1930 Sunbeam Lion Combination, 599cc 1930 Sunbeam Lion Combination, 599cc This model originated in the early 1920s as the venerable model 7 sidecar puller with bore and stroke dimensions of 85x105.5 mm. The engine has much pulling power at low revs, and the excellent Sunbeam workmanship can be seen in many details. The machine has a 4 speed hand change gearbox, the rear chain is fully enclosed. The tank top has an internally illuminated instrument panel with oil pressure gauge and provision for A clock. The cylinder head is a detachable non detonating design, the wheels are interchangeable. This machine is fitted with a luxurious sidecar with windscreen and hood.
1931 Sunbeam Lion 500cc Sunbeam Lion Image supplied by www.andybuysbikes.com
1931 Sunbeam Lion, 492cc 1931 Sunbeam Lion, 492cc  
Sunbeam Model 9 500cc 1931
Sunbeam Model 9 500cc 1931  
1934 Sunbeam 250 OHV Longstroke Model 14
Sunbeam 250 OHV Longstroke Model 14 Sunbeam introduced the Model 14 during 1933. The new machine featured a long stroke engine displacing 246cc which was essentially a Model 8 350cc engine with a reduced bore. The cycle parts were much as those employed by the Model 8 although some lighter components were employed in an attempt to reduce the models overall weight.

Image kindly provided by www.BuyVintage.co.uk.

1935 Sunbeam 500cc OHV Single Cylinder Model 95L 1935 Sunbeam 500cc OHV Single Cylinder Model 95L
  • Engine - 80 x 98mm = 493cc OHV single-cylinder ohv unit with single port head and hairpin valve springs. Magdyno ignition. Flange mounted AMAL racing carburettor
  • Transmission - Primary chain in oilbath to 4-speed footchange gearbox with cross-over drive to rear chain.
  • Frame - Rigid diamond pattern. Saddle tank with snap action filler cap.
  • Wheels - 3.00 x 21" front tyre and 3.25 x 20" rear. Cable operated brakes. Rear brake pedal on left with reverse action.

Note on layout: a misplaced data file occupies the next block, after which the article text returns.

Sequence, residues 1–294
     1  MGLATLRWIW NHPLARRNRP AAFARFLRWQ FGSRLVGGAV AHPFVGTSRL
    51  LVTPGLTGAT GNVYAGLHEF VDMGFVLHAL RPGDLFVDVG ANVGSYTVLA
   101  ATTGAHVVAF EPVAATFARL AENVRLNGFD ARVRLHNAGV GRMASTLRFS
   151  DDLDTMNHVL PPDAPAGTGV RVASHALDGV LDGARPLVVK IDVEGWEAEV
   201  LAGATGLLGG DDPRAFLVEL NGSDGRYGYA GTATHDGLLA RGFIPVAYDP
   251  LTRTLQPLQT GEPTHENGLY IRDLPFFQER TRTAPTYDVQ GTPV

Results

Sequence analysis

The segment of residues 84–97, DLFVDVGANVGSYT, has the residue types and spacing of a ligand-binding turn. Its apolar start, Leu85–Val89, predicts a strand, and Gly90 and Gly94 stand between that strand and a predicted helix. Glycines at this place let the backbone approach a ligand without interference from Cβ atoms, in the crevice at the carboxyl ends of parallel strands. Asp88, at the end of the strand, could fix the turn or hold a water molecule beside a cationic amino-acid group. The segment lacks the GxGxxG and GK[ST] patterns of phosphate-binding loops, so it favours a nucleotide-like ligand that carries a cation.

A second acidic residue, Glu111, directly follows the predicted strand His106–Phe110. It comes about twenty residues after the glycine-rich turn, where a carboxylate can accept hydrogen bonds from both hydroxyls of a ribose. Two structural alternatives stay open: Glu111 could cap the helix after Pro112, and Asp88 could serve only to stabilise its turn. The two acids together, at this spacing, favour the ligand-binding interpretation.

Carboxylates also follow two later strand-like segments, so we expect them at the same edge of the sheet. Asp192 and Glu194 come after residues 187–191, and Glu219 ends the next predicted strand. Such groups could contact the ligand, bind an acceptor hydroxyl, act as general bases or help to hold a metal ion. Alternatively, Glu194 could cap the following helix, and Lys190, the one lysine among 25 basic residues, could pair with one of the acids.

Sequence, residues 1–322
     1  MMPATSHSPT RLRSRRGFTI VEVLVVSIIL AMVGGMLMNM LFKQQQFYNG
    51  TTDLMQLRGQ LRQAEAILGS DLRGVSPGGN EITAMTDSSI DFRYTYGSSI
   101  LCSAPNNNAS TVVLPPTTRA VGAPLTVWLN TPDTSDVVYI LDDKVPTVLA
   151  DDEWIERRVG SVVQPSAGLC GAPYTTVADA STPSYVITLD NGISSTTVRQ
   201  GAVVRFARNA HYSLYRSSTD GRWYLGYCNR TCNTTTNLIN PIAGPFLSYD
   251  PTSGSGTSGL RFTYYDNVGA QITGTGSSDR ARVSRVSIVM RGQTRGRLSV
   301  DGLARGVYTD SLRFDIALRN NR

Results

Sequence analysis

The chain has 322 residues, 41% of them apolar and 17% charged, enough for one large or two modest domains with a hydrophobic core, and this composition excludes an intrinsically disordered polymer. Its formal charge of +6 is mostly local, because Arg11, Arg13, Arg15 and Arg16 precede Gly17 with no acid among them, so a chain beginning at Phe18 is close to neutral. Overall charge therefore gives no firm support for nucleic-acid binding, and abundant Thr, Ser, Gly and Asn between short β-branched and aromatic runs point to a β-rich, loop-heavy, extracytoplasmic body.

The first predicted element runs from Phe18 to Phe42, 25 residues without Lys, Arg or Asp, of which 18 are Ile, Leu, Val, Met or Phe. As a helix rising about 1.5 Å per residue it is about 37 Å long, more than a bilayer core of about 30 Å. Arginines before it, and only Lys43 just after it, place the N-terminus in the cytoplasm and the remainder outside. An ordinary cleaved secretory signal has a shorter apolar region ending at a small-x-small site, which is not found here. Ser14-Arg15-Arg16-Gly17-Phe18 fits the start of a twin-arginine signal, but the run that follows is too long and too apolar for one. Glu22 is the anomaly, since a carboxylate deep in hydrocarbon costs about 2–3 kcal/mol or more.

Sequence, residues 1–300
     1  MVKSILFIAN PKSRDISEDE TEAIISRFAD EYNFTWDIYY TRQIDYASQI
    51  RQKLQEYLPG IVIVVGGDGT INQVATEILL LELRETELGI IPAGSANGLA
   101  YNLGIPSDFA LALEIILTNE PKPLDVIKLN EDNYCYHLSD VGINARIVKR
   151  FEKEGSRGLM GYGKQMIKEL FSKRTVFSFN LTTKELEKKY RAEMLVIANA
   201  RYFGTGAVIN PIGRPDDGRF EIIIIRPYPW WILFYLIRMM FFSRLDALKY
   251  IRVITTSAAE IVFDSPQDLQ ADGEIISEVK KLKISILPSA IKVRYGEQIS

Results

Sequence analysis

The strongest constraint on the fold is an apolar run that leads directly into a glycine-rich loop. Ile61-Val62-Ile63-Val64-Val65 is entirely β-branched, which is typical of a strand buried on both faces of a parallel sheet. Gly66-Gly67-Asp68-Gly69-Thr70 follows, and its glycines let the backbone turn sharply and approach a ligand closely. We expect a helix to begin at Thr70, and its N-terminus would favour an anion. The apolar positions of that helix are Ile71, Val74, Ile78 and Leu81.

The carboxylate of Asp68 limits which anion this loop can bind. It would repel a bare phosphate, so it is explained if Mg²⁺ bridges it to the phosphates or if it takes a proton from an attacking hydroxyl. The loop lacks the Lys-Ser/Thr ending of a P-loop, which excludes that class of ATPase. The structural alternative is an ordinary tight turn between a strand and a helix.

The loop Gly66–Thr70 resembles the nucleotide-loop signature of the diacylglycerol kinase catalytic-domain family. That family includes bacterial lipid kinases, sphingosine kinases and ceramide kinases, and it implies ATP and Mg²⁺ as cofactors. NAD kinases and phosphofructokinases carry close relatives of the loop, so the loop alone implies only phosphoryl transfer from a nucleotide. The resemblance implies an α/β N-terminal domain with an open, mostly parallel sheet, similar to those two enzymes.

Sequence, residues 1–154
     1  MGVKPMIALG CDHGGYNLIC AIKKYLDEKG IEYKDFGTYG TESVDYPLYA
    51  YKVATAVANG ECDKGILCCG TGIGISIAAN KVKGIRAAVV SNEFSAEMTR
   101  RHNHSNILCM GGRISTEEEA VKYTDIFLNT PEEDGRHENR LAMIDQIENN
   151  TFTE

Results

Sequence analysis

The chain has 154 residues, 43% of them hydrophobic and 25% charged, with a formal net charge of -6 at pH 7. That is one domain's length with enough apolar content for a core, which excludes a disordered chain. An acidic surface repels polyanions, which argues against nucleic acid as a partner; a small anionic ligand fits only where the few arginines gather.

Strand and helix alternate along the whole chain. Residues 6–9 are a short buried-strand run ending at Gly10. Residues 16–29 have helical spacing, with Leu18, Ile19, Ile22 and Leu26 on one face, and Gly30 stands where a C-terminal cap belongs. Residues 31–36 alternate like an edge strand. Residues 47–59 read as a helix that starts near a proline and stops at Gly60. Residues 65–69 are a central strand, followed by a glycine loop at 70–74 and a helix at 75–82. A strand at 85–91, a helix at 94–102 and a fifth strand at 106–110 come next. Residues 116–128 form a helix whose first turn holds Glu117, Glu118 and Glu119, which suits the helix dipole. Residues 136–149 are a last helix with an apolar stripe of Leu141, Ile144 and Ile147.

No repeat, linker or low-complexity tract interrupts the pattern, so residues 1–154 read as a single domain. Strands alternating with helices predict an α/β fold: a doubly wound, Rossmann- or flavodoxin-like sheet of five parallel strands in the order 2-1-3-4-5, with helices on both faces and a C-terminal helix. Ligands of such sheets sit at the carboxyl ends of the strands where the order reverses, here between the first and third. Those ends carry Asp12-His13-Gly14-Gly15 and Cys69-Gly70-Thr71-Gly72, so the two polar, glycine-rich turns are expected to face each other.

• 1936 Sunbeam 1936 Sunbeam 250cc.
    1936 Sunbeam Lion Sunbeam Lion 492cc.
    1936 Sunbeam B28, 500cc 1936 Sunbeam B28, 500cc
    1937 Sunbeam Model 14
    Sunbeam Model 14

    Sunbeam introduced the Model 14 during 1933. The new machine featured a long stroke engine displacing 246cc which was essentially a Model 8 350cc engine with a reduced bore. The cycle parts were much as those employed by the Model 8 although some lighter components were employed in an attempt to reduce the models overall weight.

    Image provided by www.classic-auctions.com.

    1937 Sunbeam Model 8 Sunbeam Model 8 model 8 series 2 ohv 350cc made for one year, 1937.
    1937 Sunbeam Model 9 Sunbeam Model 9 500cc, OHV.
    1938 Sunbeam Series 2 Model 8 1938 Sunbeam Series 2 Model 8
    1938 Sunbeam A23 250 Longstroke 1938 Sunbeam A23 250 Longstroke
    1938 Sunbeam Model 9 Series 2, 600cc 1938 Sunbeam Model 9 Series 2, 600cc
    1938 Sunbeam M8, 350cc 1938 Sunbeam M8, 350cc The first OHV production Sunbeams were listed as the model 8 (350cc) and 9 (500cc) in 1924. The model 8 with bore/stroke dimensions of 70x90 mm was an excellent sporty tourer, but stayed somewhat in the shadow of its more glamorous big brother. In the course of the years the models 8&9 were kept up to date; saddle tanks were introduced for the 1929 season and the lubrication system was modernised. In the mid-thirties parent company ICI (Imperial Chemical Industries) decided to dispose of the hardly profitable cycle and motorcycle side. AMC bought the business in 1937: their main interests being the bicycle dealer network and the well-establish famous Sunbeam name. Production moved from Wolverhampton to Plumstead. That's to say, there was so much stock that it was enough to sustain production in London for more than a year. By 1940 Sunbeams were no longer produced.
    1939 Sunbeam B23 Sunbeam B23 477th of a total of 650 manufactured.
    1939 Sunbeam High Cam - B28 1939 Sunbeam 500cc High Cam - B28 The High Cam Sunbeam was only made in 1939 when AMC took over the Sunbeam company. The High Cam was built using several engine capacities of 250, 350, 500 and 600ccs. This Sunbeam is a B25 500cc engine of 82.5mm bore and 93mm stroke.
    1939 Sunbeam V24S Sports Sunbeam V24S Sports

    The new high-camshaft range was inrtoduced in 1939, but the outbreak of was soon afterwards meant that only small numbers of them were produced. This is one of the rarest, the 350cc Sports model with higher specification forks, high level exhaust and polished engine internals.

    1939 Sunbeam 350cc Hi Cam Sports Sunbeam 350cc Hi Cam
    1947 Sunbeam S7 1947 Sunbeam S7 Sunbeam S7 Gallery
    1950 Sunbeam S8 Sunbeam S8 500

    Sunbeam S8 gallery

    Image supplied by www.andybuysbikes.com

    Sunbeam S7/8 Sunbeam S8
  • Engine - air-cooled 487cc, OHC tandem twin
  • Top Speed - 80mph
  • Brakes - drum/drum
  • Transmission - 4 speed
  • Frame - tubular twin loop
  • Picture kindly provided by www.vintagebike.co.uk